Misuse of antibiotics in farm animals needs to stop

Posted on 16 November 2018 by

Dr. Victor Yamo

in the Animals in farming blog

It is World Antibiotics Awareness week and its important that we talk about the suffering farm animals are going through in factory farms

Every November, the world marks World Antibiotic Awareness Week (WAAW). It aims to increase global awareness on antibiotic use and sharing of global best practices to avoid the emergence and spread of antibiotic resistance.

Use of antibiotics

Since their discovery, antibiotics have served as the core to modern medicine, helping cure many diseases in both animals and humans.

However, the inappropriate and widespread use of the medicine has led to antibiotic residues being found in foods of animal origin hence a growing threat of antibiotic resistance.

This has now become a global health problem that needs to end before it's too late.

The sad reality

An estimated 700,000 people die annually due to infections resistant to the available antibiotics. Projections show that these deaths will rise to 10 million by 2050.

Antibiotic resistance can also affect animal health and welfare leading to untreatable animal diseases and even death.

In other statistics, up to 40-80% of antibiotics used on farm animals is unnecessary or highly questionable.

Predictions show that the global antibiotics use will increase by 67% by 2030 due to the increasing demand of animal protein leading to intesive farming systems.

In Kenya, studies done by the Global Antibiotic Resistance Partnership (GARP), report that, up to 70% of the antibiotics imported for use in the country are given to chicken, pigs and cows.

The study further showed that farmers give antibiotics to their livestock to prevent them from getting sick.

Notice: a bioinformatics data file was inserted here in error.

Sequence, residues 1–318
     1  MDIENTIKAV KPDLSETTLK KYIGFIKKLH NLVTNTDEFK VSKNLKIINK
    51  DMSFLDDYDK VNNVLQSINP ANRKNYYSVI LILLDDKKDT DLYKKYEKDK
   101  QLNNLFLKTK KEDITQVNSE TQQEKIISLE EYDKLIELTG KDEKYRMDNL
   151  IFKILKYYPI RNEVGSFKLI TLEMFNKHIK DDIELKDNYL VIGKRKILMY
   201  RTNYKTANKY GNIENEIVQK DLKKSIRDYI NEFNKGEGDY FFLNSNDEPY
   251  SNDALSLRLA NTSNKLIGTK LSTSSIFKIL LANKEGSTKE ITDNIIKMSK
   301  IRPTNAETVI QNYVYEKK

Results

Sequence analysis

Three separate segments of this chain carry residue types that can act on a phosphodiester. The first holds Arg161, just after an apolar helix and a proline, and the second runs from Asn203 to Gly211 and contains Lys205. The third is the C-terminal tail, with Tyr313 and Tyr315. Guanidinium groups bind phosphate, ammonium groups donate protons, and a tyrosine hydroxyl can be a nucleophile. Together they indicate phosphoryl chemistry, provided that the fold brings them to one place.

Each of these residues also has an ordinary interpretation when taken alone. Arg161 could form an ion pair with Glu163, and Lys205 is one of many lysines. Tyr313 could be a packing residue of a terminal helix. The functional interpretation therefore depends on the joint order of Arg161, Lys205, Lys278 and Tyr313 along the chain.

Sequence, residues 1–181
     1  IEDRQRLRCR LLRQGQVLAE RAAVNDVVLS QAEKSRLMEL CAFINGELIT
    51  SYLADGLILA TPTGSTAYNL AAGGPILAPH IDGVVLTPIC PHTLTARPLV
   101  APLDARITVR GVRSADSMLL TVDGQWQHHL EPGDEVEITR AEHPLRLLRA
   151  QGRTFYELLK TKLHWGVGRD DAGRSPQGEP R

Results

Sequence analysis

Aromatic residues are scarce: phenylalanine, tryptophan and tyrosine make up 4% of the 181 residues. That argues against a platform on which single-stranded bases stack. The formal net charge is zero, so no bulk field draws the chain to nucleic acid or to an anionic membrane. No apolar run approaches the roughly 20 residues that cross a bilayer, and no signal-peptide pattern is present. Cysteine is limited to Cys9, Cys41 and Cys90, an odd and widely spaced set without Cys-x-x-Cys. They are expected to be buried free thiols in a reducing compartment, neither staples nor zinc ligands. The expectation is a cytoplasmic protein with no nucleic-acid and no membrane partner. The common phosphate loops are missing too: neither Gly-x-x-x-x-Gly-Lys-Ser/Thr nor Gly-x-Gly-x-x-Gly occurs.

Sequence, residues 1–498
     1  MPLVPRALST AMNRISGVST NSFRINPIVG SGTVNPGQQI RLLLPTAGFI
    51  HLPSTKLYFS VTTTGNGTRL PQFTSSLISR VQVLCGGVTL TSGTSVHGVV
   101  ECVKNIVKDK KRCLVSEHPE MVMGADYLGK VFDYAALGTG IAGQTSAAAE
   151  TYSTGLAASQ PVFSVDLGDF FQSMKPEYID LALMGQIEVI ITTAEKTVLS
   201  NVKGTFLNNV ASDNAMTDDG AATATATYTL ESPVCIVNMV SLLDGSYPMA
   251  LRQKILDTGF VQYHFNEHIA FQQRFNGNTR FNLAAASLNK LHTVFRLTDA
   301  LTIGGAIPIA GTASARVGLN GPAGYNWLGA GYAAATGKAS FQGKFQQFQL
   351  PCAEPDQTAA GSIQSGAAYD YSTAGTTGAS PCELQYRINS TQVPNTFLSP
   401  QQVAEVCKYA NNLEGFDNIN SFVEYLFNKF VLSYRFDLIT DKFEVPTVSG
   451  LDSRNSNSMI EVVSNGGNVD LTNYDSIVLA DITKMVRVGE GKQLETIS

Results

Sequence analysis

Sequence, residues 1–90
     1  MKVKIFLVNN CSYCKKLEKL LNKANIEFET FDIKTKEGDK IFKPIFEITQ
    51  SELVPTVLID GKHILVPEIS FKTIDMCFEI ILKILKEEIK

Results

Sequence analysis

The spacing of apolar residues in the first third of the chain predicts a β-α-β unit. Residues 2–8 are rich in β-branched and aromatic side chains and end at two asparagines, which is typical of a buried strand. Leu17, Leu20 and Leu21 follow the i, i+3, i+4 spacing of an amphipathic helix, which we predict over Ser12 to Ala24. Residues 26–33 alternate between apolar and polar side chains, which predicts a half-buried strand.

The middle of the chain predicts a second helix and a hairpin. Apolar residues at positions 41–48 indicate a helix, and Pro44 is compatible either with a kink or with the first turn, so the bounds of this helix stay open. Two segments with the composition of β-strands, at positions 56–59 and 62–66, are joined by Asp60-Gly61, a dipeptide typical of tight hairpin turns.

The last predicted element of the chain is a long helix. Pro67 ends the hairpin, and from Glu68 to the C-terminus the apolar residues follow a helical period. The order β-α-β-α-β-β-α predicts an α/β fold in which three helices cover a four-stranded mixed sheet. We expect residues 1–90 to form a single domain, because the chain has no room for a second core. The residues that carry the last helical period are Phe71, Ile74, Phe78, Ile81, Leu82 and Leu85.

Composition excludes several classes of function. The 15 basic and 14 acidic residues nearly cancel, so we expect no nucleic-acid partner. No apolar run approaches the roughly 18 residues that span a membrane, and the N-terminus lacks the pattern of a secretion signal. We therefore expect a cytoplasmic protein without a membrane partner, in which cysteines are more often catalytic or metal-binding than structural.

The food industry

The inappropriate use and abuse of antibiotics in farming is currently under great international scrutiny. This has led to major fast food restaurants banning products with antibiotic residues within their outlets.

Our ask

We believe that the responsible use of antibiotics in both farm animals and humans is essential to tackle the growing problem of antibiotic resistance. 

We therefore support the designing of policies  aimed at reducing the use of antibiotics on animals by promoting higher welfare systems in the livestock industry. 

This includes, good housing conditions, health care and the promotion of natural animal behavior. They should also provide for improved  hygiene and sanitation, nutrition, vaccination form diseases, leading to improved animal health and welfare.

Responsible use of antibiotics also means that animals should be treated when sick, which may require treatment not just of sick animals but of their whole group, to ensure disease do not spread

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